A recent review by the National Trust, which manages 58,000 acres of Snowdonia’s mountain and farmland, revealed serious footpath erosion to more than two miles of path.
The National Trust is hoping to raise £250,000 to repair footpaths in Snowdonia. CREDIT: National Trust
According to the conservation charity, it is vital the increasingly popular paths are restored in order to protect rare wildlife, such as the endangered Snowdon beetle, which is can only be found in Snowdonia in Britain.
Backed by Welsh Hollywood actor Matthew Rhys, park rangers are calling on the public to help them raise £250,000, so that repair work can get underway immediately.
Rhys Thomas, National Trust ranger in Snowdonia, said: “Thousands of people come from all around the world to enjoy Snowdonia’s rugged beauty. But Snowdonia isn’t as tough as it first appears.
“More and more people are coming to enjoy the beautiful scenery in Snowdonia. On Snowdon, Wales’ highest mountain, we’ve seen the number of walkers double since 2007.”
He added: “Delicate upland habitats are being flattened, making it impossible for ring ouzels nesting on the ground along Snowdon’s Watkin Path to find insects to feed their chicks.”
More than four million people visit Snowdonia every year, with 450,000 walking up Snowdon alone.
The Edge of Love actor Matthew Rhys, who was born in Cardiff, said: “I still get swallowed up by the scenery and sounds of Snowdonia. I have a profound love for this place, from the legendary Llyn Dinas lake to the great Snowdon summit across one of the most dramatic valleys in Wales, Nant Gwynant”, he said.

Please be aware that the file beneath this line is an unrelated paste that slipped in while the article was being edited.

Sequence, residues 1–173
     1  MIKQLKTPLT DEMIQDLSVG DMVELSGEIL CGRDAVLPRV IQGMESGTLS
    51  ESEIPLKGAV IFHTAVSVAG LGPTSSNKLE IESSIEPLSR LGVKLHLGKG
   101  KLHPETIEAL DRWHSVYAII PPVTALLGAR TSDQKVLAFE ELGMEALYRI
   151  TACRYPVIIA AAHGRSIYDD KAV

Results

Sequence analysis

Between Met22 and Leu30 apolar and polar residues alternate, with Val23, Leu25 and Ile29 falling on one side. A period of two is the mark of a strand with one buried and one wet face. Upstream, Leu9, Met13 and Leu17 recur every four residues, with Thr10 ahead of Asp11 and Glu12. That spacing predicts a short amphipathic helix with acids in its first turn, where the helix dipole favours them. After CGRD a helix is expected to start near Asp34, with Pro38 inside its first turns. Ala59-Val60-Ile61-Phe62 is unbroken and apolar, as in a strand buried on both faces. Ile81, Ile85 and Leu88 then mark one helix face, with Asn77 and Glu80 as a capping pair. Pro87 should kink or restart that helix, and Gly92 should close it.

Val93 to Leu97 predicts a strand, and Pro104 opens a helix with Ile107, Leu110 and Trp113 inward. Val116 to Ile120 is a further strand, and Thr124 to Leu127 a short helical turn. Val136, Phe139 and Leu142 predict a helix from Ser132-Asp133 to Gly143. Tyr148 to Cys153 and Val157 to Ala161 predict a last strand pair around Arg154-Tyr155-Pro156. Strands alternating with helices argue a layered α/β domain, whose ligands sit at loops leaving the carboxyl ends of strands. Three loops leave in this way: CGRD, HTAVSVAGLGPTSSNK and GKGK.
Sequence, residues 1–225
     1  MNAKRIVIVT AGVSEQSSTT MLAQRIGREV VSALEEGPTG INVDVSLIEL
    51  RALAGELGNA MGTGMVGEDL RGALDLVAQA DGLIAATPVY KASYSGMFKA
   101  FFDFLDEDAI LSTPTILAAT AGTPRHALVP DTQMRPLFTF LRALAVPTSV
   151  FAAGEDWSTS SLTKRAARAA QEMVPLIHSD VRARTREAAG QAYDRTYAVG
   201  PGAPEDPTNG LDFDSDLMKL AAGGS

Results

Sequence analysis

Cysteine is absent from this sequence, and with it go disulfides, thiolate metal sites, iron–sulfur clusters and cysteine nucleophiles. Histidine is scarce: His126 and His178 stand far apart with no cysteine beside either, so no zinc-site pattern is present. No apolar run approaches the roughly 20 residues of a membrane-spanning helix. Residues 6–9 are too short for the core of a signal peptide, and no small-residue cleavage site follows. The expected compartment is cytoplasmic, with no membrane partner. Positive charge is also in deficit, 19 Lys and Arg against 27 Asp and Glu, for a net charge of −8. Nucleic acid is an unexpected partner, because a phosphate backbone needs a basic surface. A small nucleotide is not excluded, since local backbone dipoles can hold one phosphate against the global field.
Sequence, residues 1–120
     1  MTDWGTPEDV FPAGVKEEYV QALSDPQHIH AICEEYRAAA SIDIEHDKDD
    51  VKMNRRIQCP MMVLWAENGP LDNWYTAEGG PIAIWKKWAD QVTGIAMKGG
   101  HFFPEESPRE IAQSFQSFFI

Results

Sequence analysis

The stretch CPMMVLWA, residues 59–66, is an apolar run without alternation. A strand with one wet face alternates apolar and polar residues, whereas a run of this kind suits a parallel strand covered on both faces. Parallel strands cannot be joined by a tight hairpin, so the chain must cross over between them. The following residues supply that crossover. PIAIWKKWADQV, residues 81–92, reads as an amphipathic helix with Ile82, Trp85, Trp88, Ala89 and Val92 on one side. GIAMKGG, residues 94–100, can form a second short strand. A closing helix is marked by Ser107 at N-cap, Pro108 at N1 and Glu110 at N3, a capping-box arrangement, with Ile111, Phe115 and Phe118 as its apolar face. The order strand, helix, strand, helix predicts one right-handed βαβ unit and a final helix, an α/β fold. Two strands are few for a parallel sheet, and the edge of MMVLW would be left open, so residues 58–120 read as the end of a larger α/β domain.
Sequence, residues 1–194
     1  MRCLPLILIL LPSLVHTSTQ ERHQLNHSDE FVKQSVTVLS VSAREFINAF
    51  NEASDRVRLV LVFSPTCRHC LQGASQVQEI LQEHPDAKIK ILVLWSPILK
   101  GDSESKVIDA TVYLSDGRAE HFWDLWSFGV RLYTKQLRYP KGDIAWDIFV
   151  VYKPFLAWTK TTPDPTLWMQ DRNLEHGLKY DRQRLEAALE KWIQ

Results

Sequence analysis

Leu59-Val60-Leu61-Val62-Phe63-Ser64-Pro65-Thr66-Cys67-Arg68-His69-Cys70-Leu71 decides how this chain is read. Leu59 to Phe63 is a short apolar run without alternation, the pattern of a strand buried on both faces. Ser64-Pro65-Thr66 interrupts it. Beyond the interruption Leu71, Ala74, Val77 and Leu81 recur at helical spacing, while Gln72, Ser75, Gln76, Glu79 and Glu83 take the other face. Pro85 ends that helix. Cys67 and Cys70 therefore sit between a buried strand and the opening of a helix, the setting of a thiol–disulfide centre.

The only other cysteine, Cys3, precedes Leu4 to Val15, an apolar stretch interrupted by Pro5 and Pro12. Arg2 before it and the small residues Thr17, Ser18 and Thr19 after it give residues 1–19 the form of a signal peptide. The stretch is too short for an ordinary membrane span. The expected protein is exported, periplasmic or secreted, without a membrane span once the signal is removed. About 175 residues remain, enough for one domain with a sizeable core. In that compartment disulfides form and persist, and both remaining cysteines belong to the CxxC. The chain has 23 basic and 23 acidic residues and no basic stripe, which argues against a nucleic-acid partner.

The National Trust is hoping to raise £250,000 to repair footpaths in Snowdonia. CREDIT: National Trust.
“Seeing the joy these unique wonders bring for so many people, I desperately want to complete this vital repair work so fellow nature enthusiasts can enjoy Snowdonia for generations to come.
“But I know there’s a delicate balance to be struck between man and nature. Preserving that balance inevitably needs resources that allow organisations like National Trust to do such an amazing job in making these areas of outstanding natural beauty more resilient for all to enjoy.”
The £250,000 appeal will enable National Trust rangers and volunteers to repair and create two and a half miles of paths in Snowdonia. On average it costs £180 to build just one metre of footpath.
The appeal, which is the latest in the National Trust’s long-running Snowdonia Appeal, will run until the end of 2017.
To donate visit www.nationaltrust.org.uk/snowdonia-appeal or call 034 800 1895